WRC‑19 must also set the future agenda items for consideration at WRC‑23, and initiate the studies needed. One such proposal is to examine the compatibility of fixed-satellite systems with terrestrial services allocated in the so-called “E-band” between 71–76 GHz and 81–86 GHz. Access to the E-band spectrum by fixed-satellite services would further bolster the broadband capacity delivered by satellite networks, improve connectivity speeds to end users, and position satellite services as an alternative or complementary platform to terrestrial networks for big-data applications.
In the context of setting future agenda items it is worth noting that the current satellite spectrum at the Ka-band has been targeted by the International Mobile Telecommunications (IMT) community. For the continued development of satellite broadband, Ka-band satellite spectrum must be protected from incursions by the IMT community.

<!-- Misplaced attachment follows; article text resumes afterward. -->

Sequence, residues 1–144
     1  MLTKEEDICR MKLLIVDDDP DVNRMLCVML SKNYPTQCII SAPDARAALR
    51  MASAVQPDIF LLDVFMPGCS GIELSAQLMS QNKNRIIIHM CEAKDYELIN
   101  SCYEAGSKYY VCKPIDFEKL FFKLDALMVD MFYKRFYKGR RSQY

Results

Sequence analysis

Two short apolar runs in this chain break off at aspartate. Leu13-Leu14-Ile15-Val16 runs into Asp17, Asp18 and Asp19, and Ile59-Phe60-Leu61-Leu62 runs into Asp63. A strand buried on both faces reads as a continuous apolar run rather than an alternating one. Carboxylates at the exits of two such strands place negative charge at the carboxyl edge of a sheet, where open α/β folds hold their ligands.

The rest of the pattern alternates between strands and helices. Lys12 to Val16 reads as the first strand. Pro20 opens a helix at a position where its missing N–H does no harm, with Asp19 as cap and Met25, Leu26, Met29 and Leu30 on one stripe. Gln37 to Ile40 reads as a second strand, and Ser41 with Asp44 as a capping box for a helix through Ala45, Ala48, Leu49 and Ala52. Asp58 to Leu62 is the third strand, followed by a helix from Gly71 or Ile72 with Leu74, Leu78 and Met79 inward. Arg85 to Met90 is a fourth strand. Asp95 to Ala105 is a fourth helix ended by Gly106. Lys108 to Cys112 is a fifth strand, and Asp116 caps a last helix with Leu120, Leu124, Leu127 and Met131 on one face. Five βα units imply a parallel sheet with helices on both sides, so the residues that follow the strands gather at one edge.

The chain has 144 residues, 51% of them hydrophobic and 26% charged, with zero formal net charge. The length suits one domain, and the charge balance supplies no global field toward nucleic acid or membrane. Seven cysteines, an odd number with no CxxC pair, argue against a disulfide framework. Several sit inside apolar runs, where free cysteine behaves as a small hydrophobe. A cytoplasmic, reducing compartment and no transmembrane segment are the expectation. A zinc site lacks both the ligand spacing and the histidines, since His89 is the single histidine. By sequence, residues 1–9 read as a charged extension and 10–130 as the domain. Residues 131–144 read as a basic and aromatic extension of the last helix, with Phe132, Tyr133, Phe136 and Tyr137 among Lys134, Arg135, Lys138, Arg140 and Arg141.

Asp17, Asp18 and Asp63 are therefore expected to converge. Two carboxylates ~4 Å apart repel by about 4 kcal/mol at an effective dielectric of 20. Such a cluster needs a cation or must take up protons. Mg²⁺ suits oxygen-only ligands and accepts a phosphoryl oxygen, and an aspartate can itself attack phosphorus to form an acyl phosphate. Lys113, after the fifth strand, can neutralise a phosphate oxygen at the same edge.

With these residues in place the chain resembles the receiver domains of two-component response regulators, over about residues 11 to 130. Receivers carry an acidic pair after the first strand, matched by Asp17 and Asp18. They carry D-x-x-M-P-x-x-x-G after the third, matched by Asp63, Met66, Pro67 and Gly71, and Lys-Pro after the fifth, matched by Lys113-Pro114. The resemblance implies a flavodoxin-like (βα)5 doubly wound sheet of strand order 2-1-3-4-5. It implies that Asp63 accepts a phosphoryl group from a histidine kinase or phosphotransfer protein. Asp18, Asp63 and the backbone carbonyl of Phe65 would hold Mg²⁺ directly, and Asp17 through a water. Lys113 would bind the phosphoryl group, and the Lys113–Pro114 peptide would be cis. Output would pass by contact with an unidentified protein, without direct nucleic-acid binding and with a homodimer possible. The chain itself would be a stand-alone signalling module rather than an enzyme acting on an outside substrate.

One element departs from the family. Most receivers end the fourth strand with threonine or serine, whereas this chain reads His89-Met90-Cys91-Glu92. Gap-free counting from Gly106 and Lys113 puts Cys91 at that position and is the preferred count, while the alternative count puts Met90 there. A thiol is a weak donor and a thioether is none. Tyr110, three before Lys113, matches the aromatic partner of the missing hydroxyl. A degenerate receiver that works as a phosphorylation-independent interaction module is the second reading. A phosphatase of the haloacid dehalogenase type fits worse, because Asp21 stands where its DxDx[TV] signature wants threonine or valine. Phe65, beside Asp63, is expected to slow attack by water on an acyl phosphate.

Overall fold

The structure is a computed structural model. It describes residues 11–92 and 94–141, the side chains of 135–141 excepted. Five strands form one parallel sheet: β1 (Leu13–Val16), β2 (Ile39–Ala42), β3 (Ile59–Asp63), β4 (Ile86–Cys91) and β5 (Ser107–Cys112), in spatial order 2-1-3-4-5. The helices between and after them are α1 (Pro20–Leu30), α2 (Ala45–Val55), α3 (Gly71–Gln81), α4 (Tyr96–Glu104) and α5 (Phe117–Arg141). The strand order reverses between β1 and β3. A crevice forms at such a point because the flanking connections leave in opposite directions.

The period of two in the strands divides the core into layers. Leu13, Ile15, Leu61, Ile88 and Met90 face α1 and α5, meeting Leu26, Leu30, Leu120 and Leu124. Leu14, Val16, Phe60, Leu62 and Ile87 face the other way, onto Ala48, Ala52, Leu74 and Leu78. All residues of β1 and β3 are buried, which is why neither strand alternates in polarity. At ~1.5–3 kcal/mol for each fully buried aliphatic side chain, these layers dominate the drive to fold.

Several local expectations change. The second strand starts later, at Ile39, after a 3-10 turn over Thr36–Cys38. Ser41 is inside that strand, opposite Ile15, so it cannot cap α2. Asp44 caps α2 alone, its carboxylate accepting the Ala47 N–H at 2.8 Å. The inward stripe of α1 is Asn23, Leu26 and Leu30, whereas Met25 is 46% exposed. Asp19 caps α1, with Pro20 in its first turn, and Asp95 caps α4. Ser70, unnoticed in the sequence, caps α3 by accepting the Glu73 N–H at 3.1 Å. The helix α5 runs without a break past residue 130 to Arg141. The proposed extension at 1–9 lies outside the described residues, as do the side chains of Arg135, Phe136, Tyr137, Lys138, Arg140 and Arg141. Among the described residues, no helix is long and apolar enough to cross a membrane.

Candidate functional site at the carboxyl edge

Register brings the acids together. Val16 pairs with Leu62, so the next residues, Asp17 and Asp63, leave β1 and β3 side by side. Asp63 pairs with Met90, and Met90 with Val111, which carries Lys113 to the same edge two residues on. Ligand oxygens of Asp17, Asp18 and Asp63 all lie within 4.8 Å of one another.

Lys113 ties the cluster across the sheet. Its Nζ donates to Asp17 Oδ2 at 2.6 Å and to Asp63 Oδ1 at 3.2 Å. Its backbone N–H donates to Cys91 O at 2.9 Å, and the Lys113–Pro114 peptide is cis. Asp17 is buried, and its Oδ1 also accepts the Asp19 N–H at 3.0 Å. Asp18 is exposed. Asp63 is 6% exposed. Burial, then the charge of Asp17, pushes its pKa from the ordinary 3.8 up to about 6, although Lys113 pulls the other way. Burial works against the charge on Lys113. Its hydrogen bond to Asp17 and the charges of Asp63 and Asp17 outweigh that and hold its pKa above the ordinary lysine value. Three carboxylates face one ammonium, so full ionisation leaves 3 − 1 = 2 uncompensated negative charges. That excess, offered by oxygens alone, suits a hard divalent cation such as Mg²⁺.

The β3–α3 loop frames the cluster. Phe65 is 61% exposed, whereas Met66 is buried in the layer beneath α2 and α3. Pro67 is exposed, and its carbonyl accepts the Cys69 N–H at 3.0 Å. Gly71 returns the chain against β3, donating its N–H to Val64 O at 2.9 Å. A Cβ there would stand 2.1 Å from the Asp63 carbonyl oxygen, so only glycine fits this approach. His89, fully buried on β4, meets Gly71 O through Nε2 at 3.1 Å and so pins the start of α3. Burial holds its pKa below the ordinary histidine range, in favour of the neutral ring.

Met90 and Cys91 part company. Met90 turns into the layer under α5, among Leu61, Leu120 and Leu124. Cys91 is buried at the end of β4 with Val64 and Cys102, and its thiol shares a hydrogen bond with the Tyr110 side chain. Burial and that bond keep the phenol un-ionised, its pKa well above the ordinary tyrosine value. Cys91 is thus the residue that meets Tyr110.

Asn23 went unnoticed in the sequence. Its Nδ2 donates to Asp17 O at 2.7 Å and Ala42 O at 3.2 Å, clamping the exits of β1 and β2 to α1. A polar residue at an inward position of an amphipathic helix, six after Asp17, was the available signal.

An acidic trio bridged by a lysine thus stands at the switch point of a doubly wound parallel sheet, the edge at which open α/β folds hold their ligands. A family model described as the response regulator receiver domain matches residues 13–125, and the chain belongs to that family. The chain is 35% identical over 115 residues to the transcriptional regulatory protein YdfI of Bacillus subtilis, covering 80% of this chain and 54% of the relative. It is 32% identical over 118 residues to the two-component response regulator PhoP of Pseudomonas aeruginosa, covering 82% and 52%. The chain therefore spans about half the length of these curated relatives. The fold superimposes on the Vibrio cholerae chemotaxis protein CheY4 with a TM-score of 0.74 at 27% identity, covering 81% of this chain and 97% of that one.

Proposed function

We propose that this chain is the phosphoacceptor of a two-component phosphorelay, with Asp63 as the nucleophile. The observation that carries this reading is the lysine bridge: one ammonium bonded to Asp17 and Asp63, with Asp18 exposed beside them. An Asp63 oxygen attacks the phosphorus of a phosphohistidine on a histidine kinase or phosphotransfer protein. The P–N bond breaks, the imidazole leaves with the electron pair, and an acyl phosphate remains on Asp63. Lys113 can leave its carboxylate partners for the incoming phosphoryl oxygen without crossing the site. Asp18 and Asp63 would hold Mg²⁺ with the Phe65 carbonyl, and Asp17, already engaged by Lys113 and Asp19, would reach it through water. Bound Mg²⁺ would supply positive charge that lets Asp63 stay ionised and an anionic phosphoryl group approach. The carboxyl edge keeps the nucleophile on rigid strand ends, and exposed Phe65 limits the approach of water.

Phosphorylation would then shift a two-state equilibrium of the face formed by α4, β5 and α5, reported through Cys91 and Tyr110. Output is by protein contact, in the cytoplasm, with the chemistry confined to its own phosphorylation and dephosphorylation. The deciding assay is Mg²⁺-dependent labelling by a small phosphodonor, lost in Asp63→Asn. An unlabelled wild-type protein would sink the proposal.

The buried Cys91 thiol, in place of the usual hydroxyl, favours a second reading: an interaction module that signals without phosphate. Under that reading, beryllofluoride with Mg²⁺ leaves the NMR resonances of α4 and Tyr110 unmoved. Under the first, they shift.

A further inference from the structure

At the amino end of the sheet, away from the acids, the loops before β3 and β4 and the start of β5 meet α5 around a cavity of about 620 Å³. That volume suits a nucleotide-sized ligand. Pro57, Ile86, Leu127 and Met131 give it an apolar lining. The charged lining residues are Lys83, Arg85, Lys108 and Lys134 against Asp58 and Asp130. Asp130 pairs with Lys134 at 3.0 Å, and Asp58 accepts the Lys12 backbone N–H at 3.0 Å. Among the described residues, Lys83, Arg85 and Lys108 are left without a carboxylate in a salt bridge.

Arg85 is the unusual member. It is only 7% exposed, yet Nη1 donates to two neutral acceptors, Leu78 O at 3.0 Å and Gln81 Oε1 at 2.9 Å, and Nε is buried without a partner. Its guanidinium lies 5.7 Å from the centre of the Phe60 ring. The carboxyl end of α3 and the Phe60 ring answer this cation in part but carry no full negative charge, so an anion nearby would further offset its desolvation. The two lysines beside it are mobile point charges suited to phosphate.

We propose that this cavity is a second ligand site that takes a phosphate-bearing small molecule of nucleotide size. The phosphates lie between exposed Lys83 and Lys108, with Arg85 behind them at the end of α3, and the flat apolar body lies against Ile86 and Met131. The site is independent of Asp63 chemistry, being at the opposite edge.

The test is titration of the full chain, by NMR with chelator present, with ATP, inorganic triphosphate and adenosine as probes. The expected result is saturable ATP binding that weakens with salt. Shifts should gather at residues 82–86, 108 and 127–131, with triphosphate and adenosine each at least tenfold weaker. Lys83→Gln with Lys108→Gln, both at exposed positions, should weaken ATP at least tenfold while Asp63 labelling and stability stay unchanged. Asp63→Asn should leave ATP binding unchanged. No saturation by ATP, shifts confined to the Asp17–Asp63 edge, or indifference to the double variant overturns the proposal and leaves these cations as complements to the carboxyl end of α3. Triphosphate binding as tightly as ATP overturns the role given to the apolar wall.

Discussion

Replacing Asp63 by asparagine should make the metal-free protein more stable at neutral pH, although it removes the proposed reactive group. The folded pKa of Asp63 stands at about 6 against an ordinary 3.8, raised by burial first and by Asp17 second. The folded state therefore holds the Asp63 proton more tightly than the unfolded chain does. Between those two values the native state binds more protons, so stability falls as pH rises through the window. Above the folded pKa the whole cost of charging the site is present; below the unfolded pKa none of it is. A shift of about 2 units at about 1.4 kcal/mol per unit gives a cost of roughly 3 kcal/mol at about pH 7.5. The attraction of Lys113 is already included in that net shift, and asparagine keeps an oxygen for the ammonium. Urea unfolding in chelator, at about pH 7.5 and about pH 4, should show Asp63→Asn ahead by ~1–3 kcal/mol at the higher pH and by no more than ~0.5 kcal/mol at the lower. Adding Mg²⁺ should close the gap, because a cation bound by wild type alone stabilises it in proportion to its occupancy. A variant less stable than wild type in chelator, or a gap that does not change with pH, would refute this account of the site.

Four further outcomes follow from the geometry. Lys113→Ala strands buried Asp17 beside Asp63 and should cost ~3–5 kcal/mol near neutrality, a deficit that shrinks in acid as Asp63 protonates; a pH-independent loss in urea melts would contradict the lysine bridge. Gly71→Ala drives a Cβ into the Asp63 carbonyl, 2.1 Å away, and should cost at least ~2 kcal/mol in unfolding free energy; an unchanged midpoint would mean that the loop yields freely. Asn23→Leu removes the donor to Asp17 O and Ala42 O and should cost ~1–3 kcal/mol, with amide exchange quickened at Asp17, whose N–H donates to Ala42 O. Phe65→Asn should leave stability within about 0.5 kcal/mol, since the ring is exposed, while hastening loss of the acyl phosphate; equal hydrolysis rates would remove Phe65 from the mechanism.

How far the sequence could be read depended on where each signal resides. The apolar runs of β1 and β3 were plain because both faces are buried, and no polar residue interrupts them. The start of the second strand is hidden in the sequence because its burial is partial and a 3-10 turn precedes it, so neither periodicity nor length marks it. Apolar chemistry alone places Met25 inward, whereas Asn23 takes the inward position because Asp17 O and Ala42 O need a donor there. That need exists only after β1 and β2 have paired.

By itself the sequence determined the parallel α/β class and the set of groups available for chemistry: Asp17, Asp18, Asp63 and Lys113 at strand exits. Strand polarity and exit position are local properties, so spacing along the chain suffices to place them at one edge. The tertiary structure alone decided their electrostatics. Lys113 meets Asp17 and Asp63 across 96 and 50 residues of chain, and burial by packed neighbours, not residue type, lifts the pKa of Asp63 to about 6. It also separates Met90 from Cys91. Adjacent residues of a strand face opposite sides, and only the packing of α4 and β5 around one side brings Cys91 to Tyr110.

Finally, WRC‑19 will consider improvements to the regulatory procedures for deploying satellite services, under agenda item 7. Decisions made under this agenda item result in reduced regulatory burdens on satellite operators and increased regulatory certainty, underpinning the continued investment in this fast-growing sector.
WRC-19 will play an important role in realizing the vision of satellite Internet companies to bridge the digital divide.
Innovation is being empowered by digital solutions supported by a critical backbone — the Internet. Connecting the unconnected to the global marketplace is essential to drive inclusive and sustainable economic growth where ideas, goods and services are shared with ease and efficiency.
Satellite Internet is at the forefront of this innovation lifecycle, aiming to provide Internet to anyone, anywhere. The upcoming WRC‑19 plays a critical role in realizing this vision, and must protect satellite broadband spectrum for satellite innovations and services.